Open access peer-reviewed chapter

Mohs Micrographic Surgery

By Merdan Serin

Submitted: January 20th 2017Reviewed: July 3rd 2017Published: December 20th 2017

DOI: 10.5772/intechopen.70285

Downloaded: 325

Abstract

Mohs micrographic surgery (MMS) is used to obtain clear margins in skin cancer treatment. MMS involves staged excisions and complete margin assessment of the specimen from fresh tissue frozen sectioning. It has been shown to achieve higher cure rates with malignancies, including basal cell carcinoma (BCC), squamous cell carcinoma (SCC), lentigo maligna, melanoma in situ and dermatofibrosarcoma protuberans. This technique is especially useful in face, feet and hand regions to avoid cosmetic deformities.

Keywords

  • basal cell carcinoma
  • squamous cell carcinoma
  • Mohs
  • skin cancer
  • Mohs surgery

1. Introduction

Mohs micrographic surgery (MMS) is a method used by physicians to obtain clear margins in the treatment of skin tumors. It was first described by a general surgeon, Frederick Edwards Mohs [1, 2]. Originally, this technique involved the application of zinc chloride paste to the excised tissue for overnight. The technique was later modified with the introduction of fresh tissue-frozen technique and the elimination of zinc chloride fixation [3].

MMS is characterized by complete evaluation of all tumor margins. It has been proven beneficial for various types of skin malignancies including basal cell carcinoma (BCC), squamous cell carcinoma (SCC), lentigo maligna (LM) and melanoma in situ (MIS). This technique is especially useful in face, feet and hand regions to avoid wide excision, which may not be required for tumor control [4].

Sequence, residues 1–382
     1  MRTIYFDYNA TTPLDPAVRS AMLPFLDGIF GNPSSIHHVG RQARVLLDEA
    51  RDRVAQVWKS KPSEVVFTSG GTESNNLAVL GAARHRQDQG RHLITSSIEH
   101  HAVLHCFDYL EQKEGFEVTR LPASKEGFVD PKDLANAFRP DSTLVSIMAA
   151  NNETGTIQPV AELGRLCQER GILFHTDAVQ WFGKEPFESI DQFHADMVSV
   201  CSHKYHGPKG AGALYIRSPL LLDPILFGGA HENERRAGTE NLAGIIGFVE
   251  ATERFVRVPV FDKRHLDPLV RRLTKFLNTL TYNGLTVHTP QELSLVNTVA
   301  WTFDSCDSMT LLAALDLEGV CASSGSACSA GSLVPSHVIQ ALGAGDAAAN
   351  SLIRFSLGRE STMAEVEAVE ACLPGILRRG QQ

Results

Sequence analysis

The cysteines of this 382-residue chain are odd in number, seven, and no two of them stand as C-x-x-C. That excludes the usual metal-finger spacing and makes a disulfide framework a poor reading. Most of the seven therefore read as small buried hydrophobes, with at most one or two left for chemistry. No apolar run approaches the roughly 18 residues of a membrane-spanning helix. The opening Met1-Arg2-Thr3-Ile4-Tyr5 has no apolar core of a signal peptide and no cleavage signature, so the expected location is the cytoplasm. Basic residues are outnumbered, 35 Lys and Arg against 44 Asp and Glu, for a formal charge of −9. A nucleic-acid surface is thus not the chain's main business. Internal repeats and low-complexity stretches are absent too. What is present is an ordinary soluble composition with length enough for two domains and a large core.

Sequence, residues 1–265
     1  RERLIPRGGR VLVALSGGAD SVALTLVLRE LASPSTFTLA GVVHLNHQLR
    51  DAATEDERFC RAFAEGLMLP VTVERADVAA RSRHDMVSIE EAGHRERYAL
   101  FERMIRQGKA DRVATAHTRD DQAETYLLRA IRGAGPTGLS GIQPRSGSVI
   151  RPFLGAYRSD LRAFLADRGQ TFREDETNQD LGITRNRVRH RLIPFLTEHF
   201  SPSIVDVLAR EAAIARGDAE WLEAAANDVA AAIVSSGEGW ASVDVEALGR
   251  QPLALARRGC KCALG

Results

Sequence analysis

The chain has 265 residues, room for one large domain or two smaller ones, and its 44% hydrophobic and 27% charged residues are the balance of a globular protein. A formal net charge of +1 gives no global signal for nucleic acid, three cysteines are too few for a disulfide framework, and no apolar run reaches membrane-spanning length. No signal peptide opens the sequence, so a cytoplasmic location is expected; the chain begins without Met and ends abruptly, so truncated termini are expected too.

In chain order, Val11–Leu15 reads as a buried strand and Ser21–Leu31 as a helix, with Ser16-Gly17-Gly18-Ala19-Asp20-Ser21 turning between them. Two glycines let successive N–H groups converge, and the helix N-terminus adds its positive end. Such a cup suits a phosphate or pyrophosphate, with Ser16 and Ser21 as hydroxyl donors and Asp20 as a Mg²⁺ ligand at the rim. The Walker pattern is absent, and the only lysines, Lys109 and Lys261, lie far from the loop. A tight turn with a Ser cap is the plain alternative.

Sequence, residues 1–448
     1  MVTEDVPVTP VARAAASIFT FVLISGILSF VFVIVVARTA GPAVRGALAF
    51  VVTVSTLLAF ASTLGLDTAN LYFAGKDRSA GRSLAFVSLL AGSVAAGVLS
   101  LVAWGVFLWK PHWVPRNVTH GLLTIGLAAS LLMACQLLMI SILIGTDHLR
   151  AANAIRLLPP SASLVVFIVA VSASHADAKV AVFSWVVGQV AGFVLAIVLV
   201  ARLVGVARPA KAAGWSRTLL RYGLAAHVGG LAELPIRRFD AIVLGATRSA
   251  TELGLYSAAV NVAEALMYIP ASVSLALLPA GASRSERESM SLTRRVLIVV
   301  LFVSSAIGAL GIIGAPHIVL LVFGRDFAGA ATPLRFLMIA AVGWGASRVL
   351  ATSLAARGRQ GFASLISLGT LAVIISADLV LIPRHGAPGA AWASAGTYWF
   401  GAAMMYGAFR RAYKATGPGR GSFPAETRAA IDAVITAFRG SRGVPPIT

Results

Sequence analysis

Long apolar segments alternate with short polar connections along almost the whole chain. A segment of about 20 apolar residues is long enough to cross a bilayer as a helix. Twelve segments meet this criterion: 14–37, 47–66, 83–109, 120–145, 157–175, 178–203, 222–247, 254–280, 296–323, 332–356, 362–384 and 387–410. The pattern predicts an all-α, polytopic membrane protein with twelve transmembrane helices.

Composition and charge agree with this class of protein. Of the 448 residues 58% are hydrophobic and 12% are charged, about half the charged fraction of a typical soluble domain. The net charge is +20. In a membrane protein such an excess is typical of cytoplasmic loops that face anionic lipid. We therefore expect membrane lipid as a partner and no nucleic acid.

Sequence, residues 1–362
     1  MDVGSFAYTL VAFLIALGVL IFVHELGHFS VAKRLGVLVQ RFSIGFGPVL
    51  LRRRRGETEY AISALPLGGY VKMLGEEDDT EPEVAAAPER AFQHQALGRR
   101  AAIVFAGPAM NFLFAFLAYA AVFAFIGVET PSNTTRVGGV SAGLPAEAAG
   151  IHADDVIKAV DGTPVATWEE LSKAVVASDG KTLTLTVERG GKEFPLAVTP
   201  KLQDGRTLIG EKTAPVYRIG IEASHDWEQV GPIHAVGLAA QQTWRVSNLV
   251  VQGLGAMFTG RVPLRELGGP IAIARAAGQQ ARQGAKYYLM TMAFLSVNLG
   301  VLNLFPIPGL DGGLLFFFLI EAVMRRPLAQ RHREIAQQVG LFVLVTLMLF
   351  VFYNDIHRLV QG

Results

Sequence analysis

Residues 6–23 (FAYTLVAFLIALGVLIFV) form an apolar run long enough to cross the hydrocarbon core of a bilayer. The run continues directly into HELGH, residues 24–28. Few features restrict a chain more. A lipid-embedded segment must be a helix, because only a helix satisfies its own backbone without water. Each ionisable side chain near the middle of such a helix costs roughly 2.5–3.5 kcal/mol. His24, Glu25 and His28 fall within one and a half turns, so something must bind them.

2. Indications

Recurrent tumors, tumors in the “h-zone” (central face, eyelids, eyebrows, nose, lips, chin, ear, hand, genitalia, feet, nail units, ankles and nipples/areola), tumors with more than 2 cm diameter and tumors with aggressive histopathologic findings are candidates for MMS. In 2012, appropriate use criteria have been established by American Academy of Dermatology (AAD) and other collaborating organizations [5]. According to these criteria, all BCC, SCC, LM and MIS located in the “h-zone” and the “m-zone” (cheeks, forehead, scalp, neck, jawline and pretibial surface) are appropriate for MMS except focal in situ SCCs with actinic keratosis and superficial BCC with less than 0.5 cm diameter located in the “m-zone.” In the “L-zone” (trunk and extremities), only aggressive, recurrent or large tumors meeting certain criteria are considered suitable for MMS.

2.1. Basal cell carcinomas (BCC)

Recurrent BCC have been shown to have subclinical extension which might not be possible to identify during conventional excision. MMS has been reported to achieve better cure rates with these cases. It has been reported by Hoorens et al. that tumor with an area more than 1 cm2, aggressive histology and patient age more than 80 are strong indications of MMS for BCC [6]. This aggressive biological behavior is characterized by sclerodermiform, infiltrative, micronodular or basosquamous histology. MMS technique for these tumors can achieve higher cure rates when compared to standard excision [7].

2.2. Squamous cell carcinoma (SCC)

MMS can achieve better cure rates for SCC when compared to conventional surgery. Lower recurrence rates have been reported in SCC cases over 5-year follow-up periods with MMS. MMS has been shown to provide better margin control in cases with larger than 2 cm diameter, poor differentiation and perineural invasion in which tumors are frequently known to extend beyond their macroscopic margins. [8].

2.3. Melanoma in situ and lentigo maligna